• Driving in the early 20th century was very much limited to the rich and the famous.

  • So the Guide was initially heavily geared towards this demographic.

  • As a result the selective standards for what to include were notoriously strict and elitist

  • and only the crème de la crème of restaurants was considered for a star.

  • Only a few dozen maybe even only a handful of restaurants were awarded stars in each

  • country.

  • Even after 1950 when cars were no longer just a luxury item and the guide had already more

  • than 100.000 readers the strict exclusive selection process remained.

  • This combinationthe combination of popularity and exclusivity made recognition by the Michelin

  • Guide a big deal for restaurants.

  • It was a sure-fire way to make your restaurant stand out among the competition: A star meant

  • overnight recognition.

  • It elevated the restaurant from one in thousands to one in a few dozen.

  • It guaranteed a surge in new customer for the next year and moreit was simply very

  • very good for business, which is why the stars became a very valuable and sought-after honour

  • among restaurants and chefs This was of course not the intention or goal

  • behind the guide but simply a by-product of its selection process and criteria and its

  • reputation.

  • Nonetheless it meant that the Michelin Guide and its stars quickly became more consequential

  • for restaurants and chefs than perhaps any other honour and it has remained like this

  • ever since.

  • I know this video wasn't the type of science video I usually do so I thought we could end

  • it with a little science quiz to make up for that.

  • Here's the problem: Imagine you and a flock of little birds weighing

  • as much as you do eat together day after day.

  • Which of you would need to eat more calories to stay alive?

  • Did you get it?

  • If you enjoy problem solving exercises like this I suggest you check it out brilliant

  • - a learning platform that uses exercises like this to teach you mathematics, physics

  • and computer science.

  • The problem I just gave you was one of their daily challenges - free exercises released

  • each day that test your problem solving skills and make you a little smarter in the process.

  • You can check out the correct answer as well as the explanation for it with the link in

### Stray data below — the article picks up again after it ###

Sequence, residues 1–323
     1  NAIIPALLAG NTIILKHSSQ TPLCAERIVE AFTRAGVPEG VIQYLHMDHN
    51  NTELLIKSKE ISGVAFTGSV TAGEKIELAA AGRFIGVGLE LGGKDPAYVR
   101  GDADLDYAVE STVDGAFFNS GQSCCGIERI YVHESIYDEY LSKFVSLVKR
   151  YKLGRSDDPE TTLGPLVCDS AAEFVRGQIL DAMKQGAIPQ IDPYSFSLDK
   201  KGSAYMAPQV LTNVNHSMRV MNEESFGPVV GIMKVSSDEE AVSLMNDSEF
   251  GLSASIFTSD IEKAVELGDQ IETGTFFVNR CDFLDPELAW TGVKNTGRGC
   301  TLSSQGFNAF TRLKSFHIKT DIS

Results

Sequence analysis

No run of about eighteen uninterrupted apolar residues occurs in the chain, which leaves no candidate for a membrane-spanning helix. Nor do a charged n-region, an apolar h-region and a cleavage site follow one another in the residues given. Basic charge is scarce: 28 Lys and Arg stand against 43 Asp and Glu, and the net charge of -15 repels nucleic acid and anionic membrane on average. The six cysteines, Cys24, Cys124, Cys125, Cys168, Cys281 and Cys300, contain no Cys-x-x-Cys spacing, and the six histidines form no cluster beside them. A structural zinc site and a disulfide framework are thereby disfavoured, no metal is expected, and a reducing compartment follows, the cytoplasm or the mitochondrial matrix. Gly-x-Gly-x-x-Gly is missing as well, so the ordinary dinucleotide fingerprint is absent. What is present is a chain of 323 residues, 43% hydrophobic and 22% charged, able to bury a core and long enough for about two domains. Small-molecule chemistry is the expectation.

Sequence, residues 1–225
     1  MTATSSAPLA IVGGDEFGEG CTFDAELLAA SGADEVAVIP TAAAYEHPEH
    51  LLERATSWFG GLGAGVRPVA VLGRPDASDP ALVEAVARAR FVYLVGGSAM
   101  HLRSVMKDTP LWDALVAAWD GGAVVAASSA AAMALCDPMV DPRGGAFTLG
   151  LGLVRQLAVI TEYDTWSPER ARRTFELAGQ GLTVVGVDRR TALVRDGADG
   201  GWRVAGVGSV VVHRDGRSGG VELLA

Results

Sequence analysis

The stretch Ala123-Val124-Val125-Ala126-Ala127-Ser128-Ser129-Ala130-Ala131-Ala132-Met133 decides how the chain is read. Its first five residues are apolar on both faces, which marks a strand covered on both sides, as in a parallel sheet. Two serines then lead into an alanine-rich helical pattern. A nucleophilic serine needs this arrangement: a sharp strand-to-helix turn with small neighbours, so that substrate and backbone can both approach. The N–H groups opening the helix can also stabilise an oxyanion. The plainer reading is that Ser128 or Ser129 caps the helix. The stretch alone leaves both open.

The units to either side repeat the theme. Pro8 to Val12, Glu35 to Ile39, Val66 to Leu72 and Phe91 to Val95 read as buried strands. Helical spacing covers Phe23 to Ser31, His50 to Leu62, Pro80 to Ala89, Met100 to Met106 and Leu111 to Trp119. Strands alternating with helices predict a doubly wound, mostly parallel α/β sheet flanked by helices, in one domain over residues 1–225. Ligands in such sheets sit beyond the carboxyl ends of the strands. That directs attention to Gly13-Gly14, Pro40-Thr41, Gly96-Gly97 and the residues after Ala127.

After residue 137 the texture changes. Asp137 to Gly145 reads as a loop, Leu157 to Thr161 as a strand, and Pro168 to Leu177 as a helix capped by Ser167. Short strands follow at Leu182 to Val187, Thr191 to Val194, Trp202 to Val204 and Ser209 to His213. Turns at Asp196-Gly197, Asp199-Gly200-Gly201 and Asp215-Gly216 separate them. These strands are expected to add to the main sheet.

• the description.

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  • in brilliant's over 60 courses.

  • So if you are unsure whether brilliant is something for you can try out as many of these

  • as you want for free.

  • And if you do like it you can go to brilliant.org/fim to get 20% of your premium subscription.

  • If you made it this far without turning off, here are a few more things that I couldn't

  • fit in the main part of the video.

  • As I said in the video, the way the restaurants are reviewed is by a group of inspectors,

  • which are essentially full time food critics hired by Michelin.

  • Today they have around 150 of them all over the world.

  • In the UK for instance it's around a dozen.

  • Each inspector has between 260-300 lunches and dinners during a year in the various restaurants

  • in the country that have stars or aspire to receive one.

  • Restaurants with one star are usually visited 2-3 times during a year while the ones with

  • 2-3 stars are visited up to 10 times or more by multiple inspectors.

  • That's to ensure the restaurant has retained the high standard necessary for the award.

  • So restaurants can also lose stars.

  • One of the most notable things about these inspectors is the secrecy.

  • In order to make the reviewing process as authentic as possible and to ensure the incorruptibility

  • of the rating the inspectors visit the restaurants completely anonymously.

  • Michelin goes to extraordinary lengths to maintain this anonymity.

  • All the expenses are paid for the inspectors, which in turn are not allowed to disclose

  • that they are inspectors at any point while they are working.

  • They are also not allowed to talk to journalists and are even advised not to tell their friends

  • and family they are working for Michelin.

  • This of course means that the restaurants and chefs never know if there's currently

  • an inspector among their guests which essentially makes every day the most important day of

  • the year.

  • Its like as if during the last year of high school each day could be the day that decides

  • whether or not you are allowed to go to university and you don't know which one it will be

  • - Understandably stressful.

  • Even just maintaining a star can be a burden as losing it would have a devastating effect

  • on the restaurant.

  • Which is why some chefs have said they did didn't like receiving a starsome because

  • of the increased stress level and expectations among the customers other said they didn't

  • like the publicity it caused and still others that it led to an unmanageable jump in booking

  • and affected their ability to serve their loyal customers.

  • So while the recognition by the guide is definitely good for business it can also be a double

  • edged sword.

  • So that's about it.

  • Don't forget to check out brilliant and thanks for watching.

This Video was sponsored by Brilliant.

Subtitles and vocabulary

B1 INT UK michelin guide tire brilliant restaurant star

A Tire Company Gives Out The Most Prestigious Food Award - Here's Why

  • 26 0
    王杰   posted on 2020/05/16